Chicago leaders cautiously optimistic as city reopens amid calming protests: ‘We are not letting our guard down’

Chicago Mayor Lori Lightfoot delivers a televised message to the public about events arising from the death of George Floyd in Minneapolis.

Chicago Mayor Lori Lightfoot delivers a televised message to the public about events arising from the death of George Floyd in Minneapolis. (Terrence Antonio James / Chicago Tribune)

On Chicago’s first day easing coronavirus restrictions on city businesses, Mayor Lori Lightfoot and police Superintendent David Brown expressed hope that the city’s civil unrest was calming.

But, they said, the city remains on guard against both the COVID-19 disease and looting.

“We’re still only one day where we have some calming of the activities of looting and disorderly conduct. We are not letting our guard down,” Brown said. “We’re cautiously optimistic but prepared for this to escalate in case it does.”

The city’s keeping all of its resources in place, including the National Guard, and making strategic adjustments to help make sure residents in the neighborhoods feel safe, “given the looting,” Brown said.

Still, after being rocked by widespread looting downtown and in city neighborhoods over the weekend, Chicago experienced on Tuesday its quietest night of protests since they started, Brown said. Officials also recorded the lowest number of arrests since the weekend, with 274, Brown said.

The city also had the lowest number of looting calls and arrests, he said. There were 46 disorderly conduct arrests, he said, mostly for people throwing rocks or verbally assaulting city cops.

Reiterating a point she’s made for days, most notably in a televised speech Tuesday evening, Lightfoot said the city continues to encourage peaceful protest.

“We are continuing to preach a message of unity and honoring George Floyd and the victims of all police violence,” Lightfoot said.

"As I announced last night in my address to the city, we are setting up a new fund starting at $10 million to help support businesses that have been affected by recent events in neighborhoods,” the mayor added. “We’re continuing to push insurance companies to do the right thing by their customers and cut through red tape and start cutting checks in neighborhoods.”

In her speech, Lightfoot also laid out a series of long-stalled police reform measures she wants to implement within 90 days, which include teaching Chicago cops about the history of neighborhoods taught from the perspective of community members, inspired by youth-led neighborhood tours done by My Block, My Hood, My City.

The city also will implement an officer wellness program and complete an officer support program that supports cops in crisis, mandate crisis intervention and procedural justice training for all officers, and establish a new recruit program on police-community relations and community policing with views from the community about what works, she said.

But those measures have drawn criticism for not going far enough, and Lightfoot’s administration is in a dispute with activists over how a civilian oversight commission of the Police Department would work, with critics wanting more power given to people outside City Hall.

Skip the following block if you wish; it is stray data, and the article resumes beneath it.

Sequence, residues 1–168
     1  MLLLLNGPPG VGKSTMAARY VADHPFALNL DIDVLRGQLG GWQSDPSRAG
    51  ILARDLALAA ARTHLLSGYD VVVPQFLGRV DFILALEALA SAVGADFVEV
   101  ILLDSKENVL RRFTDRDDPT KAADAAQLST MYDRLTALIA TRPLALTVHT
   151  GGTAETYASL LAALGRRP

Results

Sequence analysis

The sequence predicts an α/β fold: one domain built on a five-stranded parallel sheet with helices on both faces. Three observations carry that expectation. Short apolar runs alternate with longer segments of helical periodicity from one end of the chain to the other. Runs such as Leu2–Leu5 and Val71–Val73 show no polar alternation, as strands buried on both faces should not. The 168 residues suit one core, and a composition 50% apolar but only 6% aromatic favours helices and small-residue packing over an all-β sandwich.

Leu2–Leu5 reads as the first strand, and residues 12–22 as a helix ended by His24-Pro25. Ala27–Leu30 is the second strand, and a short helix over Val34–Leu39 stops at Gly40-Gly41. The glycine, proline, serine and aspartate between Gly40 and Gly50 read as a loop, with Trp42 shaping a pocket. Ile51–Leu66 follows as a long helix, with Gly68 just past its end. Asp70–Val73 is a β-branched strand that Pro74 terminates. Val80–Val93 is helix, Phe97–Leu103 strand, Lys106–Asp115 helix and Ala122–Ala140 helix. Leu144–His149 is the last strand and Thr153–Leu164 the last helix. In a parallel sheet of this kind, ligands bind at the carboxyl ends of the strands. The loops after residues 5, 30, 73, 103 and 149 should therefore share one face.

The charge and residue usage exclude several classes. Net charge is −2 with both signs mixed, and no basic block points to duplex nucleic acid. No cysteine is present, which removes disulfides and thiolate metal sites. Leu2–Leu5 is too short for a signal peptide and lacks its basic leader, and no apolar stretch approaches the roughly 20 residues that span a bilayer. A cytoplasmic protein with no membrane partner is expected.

Asked about the status of negotiations, which stalled in March, Lightfoot said, “There are I think two or three issues that have been an impediment to getting past this point. My team is hard at work on trying to see what we can forge common ground. … But these are challenging issues, which is why we haven’t been able to have a breakthrough.”

Addressing complaints alleging police misconduct in dealing with protesters, Brown said the department is “firm on ensuring those cases are looked at and, if necessary, investigated and discipline given out. We will not tolerate — zero tolerance — for our officers crossing the line and violating someone’s rights or using excessive force or violating our use of force policy.

“While we’re not perfect, for the most part our officers have been professional and have made Chicago very proud in the way they conduct themselves,” Brown said.

Although Wednesday marked the city’s first day of cautious reopening, not all businesses welcomed back customers. Numerous downtown eateries remained closed, including Portillo’s, and many businesses around the city couldn’t reopen due to recent looting and concerns for more.

Rosa Escareno, the city’s Department of Business Affairs and Consumer Protection commissioner, noted the bittersweet nature of Chicago’s reopening amid the recent unrest.

“We have been out in the community pretty much since the crisis began, and we started to see a lot of issues of destruction in the many communities,” Escareno said. “I will tell you that the businesses are extremely excited to be reopening but, obviously, in many of our neighborhoods the hurt has just deepened and has made it much more difficult for them to reopen.”

Public health Commissioner Dr. Allison Arwady said the city’s seen 46,739 coronavirus cases and continues to add hundreds more each day.

As the city continues to open up, she said, “We will need to continue to keep COVID in mind.”

Lightfoot said the city chose to reopen on a Wednesday in part to give restaurants a chance at “a soft opening before any kind of weekend traffic.”

“In light of what’s happened over the last couple days, some are choosing to open now and really kind of getting some cadence with all the safety and public health measures they need to take,” Lightfoot said. “Others are saying nope, I’m going to wait a few days and see how the dust clears. But really, today isn’t a mandatory reopening. We’re open and then individual businesses really have to make their own call about how they’re going to do that and when.”

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